American Society of Civil Engineers


Slug Test Analysis in Vertical Cutoff Walls. II: Applications


by Hangseok Choi, (corresponding author), M.ASCE, (Asst. Prof., Dept. of Civ. and Envir. Engrg., Korea Univ., Anam-Dong, Seongbuk-Gu, Seoul, 136-713, South Korea) and David E. Daniel, M.ASCE, (Pres., Univ. of Texas at Dallas, P.O. Box 830688, RIchardson, TX 75083)

Journal of Geotechnical and Geoenvironmental Engineering, Vol. 132, No. 4, April 2006, pp. 439-447, (doi:  http://dx.doi.org/10.1061/(ASCE)1090-0241(2006)132:4(439))

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Document type: Journal Paper
Abstract: This paper addresses practical applications of the type curve method and modified linear curve fitting method described in a companion paper for evaluating the hydraulic conductivity of a vertical cutoff wall. Sensitivity analyses were performed for factors that might influence results from a slug test in a vertical cutoff wall. The factors considered are (1) width of the vertical cutoff wall, (2) eccentricity of a well location, (3) well aspect ratio, and (4) distance from the upper and lower boundaries of the wall to a well intake and discharge section. In addition, the effects of variable hydraulic properties—hydraulic conductivity (k) and specific storage (Ss)—on the results of a slug test are evaluated. Also, the effect of initial slug size and difference between a rising and falling head slug test are investigated in connection with the variability of the hydraulic properties. Analyses show that the compressibility of the porous medium has a dominant effect. Various errors can arise from the simplifying assumptions used in slug test analysis, but these errors often tend to offset one another. Performing sequential slug tests can yield progressively lower hydraulic conductivity as a result of consolidation of the barrier wall material.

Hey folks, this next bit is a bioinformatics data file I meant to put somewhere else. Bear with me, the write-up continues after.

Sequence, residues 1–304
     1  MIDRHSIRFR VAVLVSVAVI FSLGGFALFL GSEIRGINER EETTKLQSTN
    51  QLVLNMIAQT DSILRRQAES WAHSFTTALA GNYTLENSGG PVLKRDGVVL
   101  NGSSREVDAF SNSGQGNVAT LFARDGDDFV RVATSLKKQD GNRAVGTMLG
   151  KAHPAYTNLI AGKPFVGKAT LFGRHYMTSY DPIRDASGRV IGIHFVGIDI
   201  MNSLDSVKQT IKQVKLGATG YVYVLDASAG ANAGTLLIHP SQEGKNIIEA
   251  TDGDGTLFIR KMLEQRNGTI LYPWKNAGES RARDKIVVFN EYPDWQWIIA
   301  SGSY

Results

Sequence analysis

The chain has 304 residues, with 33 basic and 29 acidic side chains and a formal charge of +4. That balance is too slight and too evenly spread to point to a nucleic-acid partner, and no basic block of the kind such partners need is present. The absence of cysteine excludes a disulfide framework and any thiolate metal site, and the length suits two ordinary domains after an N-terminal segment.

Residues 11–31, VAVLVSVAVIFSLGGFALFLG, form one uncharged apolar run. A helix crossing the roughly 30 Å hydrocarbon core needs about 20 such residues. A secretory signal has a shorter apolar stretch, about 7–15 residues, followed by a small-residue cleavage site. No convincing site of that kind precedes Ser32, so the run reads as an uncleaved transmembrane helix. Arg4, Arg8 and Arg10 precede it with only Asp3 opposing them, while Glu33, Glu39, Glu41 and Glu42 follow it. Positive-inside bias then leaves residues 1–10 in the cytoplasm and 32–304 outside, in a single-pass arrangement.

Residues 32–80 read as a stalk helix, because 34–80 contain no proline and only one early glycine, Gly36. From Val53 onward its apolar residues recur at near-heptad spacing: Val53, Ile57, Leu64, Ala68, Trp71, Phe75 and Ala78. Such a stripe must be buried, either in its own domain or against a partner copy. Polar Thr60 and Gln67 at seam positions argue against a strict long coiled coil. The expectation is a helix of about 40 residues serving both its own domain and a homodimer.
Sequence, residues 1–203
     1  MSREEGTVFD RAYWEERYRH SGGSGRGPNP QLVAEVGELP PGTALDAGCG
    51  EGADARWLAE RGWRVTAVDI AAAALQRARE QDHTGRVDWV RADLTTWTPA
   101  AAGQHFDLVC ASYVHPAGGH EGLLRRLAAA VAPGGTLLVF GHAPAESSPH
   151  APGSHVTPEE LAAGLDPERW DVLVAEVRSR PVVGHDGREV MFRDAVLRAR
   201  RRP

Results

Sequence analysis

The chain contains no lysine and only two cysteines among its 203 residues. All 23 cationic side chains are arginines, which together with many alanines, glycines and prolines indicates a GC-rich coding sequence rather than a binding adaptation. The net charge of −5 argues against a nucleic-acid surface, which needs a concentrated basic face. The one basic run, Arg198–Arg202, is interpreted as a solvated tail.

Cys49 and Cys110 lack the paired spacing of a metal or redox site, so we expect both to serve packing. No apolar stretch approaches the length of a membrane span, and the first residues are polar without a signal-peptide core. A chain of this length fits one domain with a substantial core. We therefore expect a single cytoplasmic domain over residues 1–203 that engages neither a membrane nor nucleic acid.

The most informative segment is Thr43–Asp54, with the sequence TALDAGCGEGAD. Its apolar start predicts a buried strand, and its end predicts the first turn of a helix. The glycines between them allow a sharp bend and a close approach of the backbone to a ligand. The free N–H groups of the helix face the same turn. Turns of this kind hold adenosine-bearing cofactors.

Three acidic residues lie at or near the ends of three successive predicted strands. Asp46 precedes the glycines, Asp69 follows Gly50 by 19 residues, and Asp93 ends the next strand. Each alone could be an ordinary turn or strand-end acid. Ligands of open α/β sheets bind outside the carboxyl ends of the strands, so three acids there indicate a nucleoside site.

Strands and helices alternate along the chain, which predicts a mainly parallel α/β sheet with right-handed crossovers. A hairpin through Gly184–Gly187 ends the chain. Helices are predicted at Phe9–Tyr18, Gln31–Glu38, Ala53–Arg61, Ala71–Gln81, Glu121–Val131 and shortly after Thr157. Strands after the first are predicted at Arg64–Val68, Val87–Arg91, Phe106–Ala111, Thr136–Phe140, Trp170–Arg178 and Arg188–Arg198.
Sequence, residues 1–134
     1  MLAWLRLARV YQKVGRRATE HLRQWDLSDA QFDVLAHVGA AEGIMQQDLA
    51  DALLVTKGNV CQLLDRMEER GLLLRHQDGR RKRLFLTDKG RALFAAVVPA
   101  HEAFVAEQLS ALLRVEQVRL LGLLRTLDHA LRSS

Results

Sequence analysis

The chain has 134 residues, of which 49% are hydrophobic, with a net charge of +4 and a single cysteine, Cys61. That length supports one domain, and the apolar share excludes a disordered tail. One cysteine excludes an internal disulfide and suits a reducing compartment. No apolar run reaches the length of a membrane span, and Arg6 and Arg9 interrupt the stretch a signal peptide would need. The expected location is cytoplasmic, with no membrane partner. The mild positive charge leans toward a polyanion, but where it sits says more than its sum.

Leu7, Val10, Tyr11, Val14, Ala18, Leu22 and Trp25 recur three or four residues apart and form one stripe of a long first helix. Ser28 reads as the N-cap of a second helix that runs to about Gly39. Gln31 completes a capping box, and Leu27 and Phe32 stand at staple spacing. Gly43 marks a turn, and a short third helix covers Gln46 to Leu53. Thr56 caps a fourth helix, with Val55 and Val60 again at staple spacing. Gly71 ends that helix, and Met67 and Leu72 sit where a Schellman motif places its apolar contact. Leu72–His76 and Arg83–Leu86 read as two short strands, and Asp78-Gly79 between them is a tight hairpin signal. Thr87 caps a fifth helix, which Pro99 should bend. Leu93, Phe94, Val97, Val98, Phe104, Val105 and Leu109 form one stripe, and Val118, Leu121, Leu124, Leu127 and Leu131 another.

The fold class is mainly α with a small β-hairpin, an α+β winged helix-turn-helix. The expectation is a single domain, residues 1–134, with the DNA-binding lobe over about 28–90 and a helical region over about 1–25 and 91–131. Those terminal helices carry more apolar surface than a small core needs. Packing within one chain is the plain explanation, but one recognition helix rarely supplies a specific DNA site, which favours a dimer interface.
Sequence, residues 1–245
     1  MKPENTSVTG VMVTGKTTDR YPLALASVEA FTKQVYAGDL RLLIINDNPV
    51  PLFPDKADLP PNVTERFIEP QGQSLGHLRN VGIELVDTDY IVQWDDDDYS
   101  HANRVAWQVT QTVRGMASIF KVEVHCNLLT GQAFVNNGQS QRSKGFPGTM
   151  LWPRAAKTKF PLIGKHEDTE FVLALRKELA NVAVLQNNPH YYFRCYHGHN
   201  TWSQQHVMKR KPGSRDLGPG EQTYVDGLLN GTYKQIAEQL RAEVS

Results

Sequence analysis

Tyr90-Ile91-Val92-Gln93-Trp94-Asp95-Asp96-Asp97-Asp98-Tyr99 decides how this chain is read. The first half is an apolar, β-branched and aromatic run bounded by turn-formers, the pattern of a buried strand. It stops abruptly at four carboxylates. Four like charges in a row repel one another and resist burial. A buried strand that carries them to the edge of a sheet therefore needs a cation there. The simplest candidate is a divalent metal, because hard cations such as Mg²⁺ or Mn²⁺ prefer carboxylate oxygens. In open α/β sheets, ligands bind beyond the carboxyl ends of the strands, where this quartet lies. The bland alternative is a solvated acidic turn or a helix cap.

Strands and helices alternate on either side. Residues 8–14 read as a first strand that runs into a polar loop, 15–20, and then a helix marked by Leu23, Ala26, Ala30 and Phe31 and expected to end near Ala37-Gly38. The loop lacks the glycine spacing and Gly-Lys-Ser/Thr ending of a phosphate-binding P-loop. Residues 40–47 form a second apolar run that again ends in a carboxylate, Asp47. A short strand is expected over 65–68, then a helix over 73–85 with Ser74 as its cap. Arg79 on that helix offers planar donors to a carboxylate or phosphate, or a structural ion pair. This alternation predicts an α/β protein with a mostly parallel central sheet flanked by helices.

ASCE Subject Headings:
Core walls
Backfills
Hydraulic conductivity
Sensitivity analysis